Dinosaurs by Lydia Millet - review by Michael Delgado

Michael Delgado

Extinction Point



W W Norton 230pp £14.99

Over the last three decades, the American writer Lydia Millet has built up a body of largely uncategorisable work that skirts the borders of comedy, climate fiction, horror, political satire and much else besides. Her latest novel, Dinosaurs, is another mongrel. It focuses on Gil, a wealthy, idealistic 45-year-old who, before the novel begins, has left his home in New York and embarked on a five-month trek across the country to Arizona to begin a new life there.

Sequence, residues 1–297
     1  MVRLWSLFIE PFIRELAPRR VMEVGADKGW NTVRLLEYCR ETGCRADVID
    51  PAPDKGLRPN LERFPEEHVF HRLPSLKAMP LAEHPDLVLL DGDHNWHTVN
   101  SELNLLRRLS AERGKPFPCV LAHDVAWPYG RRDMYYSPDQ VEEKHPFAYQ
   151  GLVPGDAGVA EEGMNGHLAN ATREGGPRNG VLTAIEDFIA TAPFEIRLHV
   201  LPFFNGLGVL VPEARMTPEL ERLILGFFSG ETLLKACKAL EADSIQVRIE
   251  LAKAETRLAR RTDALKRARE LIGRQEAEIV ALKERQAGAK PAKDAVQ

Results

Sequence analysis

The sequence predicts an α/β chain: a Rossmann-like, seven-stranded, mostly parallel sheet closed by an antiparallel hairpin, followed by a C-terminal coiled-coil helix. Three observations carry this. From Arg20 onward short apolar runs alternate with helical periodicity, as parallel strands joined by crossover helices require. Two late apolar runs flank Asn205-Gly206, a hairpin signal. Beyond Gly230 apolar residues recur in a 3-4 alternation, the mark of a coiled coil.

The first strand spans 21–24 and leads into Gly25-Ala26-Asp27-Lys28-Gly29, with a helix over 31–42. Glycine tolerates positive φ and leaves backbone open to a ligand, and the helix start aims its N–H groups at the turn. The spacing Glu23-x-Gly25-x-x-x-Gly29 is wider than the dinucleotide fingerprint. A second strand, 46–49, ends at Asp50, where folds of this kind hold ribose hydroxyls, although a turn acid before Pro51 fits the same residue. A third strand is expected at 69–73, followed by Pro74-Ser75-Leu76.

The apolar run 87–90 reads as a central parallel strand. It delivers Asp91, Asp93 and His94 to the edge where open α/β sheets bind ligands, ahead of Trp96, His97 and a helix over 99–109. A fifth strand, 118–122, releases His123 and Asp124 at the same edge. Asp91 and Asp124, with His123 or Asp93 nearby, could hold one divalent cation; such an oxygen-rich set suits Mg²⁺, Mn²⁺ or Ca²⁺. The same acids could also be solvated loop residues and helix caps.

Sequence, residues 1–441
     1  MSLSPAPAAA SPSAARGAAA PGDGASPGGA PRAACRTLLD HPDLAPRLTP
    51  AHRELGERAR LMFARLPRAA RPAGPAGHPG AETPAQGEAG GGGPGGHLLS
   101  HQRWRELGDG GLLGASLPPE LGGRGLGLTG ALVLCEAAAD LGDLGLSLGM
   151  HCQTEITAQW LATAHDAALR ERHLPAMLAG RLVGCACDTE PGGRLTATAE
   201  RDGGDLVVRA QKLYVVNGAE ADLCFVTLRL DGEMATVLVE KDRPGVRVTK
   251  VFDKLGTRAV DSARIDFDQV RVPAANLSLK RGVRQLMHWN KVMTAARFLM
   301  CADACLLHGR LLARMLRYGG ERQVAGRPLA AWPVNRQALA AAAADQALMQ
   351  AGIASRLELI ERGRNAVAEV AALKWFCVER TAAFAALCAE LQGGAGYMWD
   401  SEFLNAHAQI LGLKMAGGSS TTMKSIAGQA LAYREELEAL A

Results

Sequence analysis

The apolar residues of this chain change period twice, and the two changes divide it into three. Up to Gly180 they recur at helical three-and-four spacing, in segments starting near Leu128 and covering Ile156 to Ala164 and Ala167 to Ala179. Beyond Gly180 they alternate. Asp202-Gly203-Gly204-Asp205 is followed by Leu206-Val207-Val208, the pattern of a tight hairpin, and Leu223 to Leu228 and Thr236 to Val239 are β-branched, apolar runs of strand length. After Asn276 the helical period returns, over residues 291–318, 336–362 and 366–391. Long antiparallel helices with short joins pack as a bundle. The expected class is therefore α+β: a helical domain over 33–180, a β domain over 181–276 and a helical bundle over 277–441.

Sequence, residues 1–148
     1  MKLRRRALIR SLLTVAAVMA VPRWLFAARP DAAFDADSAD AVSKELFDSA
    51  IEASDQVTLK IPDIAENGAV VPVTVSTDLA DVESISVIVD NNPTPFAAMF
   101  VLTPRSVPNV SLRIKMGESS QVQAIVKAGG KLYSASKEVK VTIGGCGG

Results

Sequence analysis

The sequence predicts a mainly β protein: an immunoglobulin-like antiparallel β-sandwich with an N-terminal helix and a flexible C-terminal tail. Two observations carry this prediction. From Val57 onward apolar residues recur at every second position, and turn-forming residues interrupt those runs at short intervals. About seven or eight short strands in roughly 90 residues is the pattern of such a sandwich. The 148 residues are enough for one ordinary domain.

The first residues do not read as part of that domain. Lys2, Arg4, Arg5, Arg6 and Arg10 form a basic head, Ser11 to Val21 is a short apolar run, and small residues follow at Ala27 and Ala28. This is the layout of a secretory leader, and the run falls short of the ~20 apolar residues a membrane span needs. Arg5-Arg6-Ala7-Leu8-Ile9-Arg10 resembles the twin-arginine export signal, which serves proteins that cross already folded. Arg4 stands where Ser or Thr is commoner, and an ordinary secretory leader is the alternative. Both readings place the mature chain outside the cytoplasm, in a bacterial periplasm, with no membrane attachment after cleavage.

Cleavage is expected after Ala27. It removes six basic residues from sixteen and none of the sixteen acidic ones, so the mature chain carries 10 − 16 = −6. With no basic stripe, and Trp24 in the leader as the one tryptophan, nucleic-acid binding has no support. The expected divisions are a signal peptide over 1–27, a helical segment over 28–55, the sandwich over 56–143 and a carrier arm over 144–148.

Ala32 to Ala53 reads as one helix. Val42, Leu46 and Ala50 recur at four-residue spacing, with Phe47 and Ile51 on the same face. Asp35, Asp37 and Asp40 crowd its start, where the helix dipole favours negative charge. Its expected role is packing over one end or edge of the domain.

It is characteristic of Millet’s style that this big, baffling set piece happens entirely off-stage. Dinosaurs is an almost plotless novel – not in the sense that it is impressionistic or poetic, but in the sense that nearly everything that happens to Gil feels unremarkable. This is both

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